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  18. Ultrasound provides noninvasive hormone-sparing sterilization for male dogsRead the original story w/Photo

    Sep 16, 2015 | Medical News Today

    An Italian research team led by Dr. Raffaella Leoci recently reported in Reproduction in Domestic Animals the best method for using ultrasound to sterilize male dogs. A regimen of three applications of ultrasound at 1 MHz, and 1.5 W/cm2, lasting five minutes with an interval of 48 hours was effective as permanent sterilization in the dog without hormonal impact.

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  19. Low vitamin D levels may increase risk for Alzheimer'sRead the original story w/Photo

    Sep 15, 2015 | Medical News Today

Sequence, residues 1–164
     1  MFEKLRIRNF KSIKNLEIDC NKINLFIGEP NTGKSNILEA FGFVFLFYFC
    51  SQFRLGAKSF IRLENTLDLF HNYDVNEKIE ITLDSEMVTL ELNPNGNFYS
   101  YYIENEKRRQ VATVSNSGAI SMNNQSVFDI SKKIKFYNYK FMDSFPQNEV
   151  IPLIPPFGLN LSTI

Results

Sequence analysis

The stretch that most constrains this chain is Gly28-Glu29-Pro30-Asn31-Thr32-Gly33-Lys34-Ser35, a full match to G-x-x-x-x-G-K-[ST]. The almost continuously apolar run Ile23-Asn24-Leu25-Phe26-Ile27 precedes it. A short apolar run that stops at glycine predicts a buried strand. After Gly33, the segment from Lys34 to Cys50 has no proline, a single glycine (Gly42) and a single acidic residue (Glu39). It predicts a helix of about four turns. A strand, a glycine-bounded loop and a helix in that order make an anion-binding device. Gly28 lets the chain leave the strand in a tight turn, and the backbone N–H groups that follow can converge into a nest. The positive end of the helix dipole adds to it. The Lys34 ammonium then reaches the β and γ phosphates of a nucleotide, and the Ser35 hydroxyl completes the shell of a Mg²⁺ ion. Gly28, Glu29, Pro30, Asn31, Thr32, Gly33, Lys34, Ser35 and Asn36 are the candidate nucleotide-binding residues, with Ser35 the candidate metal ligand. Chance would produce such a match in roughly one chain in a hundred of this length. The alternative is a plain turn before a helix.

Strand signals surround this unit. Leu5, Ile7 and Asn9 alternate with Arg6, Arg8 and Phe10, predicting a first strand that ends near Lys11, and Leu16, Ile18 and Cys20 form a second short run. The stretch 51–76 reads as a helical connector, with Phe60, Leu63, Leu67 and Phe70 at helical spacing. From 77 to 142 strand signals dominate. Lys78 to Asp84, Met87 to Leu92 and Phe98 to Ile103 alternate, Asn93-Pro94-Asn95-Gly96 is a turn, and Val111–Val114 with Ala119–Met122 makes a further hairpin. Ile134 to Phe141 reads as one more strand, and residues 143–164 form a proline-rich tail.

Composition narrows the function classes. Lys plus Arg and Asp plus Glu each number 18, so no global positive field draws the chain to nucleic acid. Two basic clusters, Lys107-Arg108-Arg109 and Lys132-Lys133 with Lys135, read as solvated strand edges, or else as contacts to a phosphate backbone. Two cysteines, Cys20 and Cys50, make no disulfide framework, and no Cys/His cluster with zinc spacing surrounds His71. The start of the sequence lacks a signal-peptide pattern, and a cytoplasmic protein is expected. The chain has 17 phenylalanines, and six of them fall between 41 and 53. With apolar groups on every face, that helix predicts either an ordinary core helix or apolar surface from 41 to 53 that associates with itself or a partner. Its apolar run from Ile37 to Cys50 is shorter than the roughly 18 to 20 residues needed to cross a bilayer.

Vitamin D deficiency is associated with disorders as varied as osteoporosis, cancer, muscle weakness, heart disease and asthma in children. A recent study, published in JAMA Neurology , has confirmed that significantly low vitamin D levels reflect a decline in cognitive ability.

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  20. Nanoporous gold sponge makes DNA detectorRead the original story w/Photo

    Sep 7, 2015 | Medical News Today

    Nanoporous gold contains tiny pores that can filter DNA from other biomolecules. The material can be used to make DNA detection devices for use in diagnostics.